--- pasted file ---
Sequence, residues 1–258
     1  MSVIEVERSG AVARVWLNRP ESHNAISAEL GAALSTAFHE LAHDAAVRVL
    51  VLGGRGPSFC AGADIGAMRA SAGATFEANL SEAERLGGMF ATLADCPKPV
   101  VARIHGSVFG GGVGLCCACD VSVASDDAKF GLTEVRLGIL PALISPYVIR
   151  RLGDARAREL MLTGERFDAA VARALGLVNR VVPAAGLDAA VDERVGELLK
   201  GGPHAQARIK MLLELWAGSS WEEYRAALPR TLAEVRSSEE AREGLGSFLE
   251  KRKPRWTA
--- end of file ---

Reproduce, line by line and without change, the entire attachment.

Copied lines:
Sequence, residues 1–258
     1  MSVIEVERSG AVARVWLNRP ESHNAISAEL GAALSTAFHE LAHDAAVRVL
    51  VLGGRGPSFC AGADIGAMRA SAGATFEANL SEAERLGGMF ATLADCPKPV
   101  VARIHGSVFG GGVGLCCACD VSVASDDAKF GLTEVRLGIL PALISPYVIR
   151  RLGDARAREL MLTGERFDAA VARALGLVNR VVPAAGLDAA VDERVGELLK
   201  GGPHAQARIK MLLELWAGSS WEEYRAALPR TLAEVRSSEE AREGLGSFLE
   251  KRKPRWTA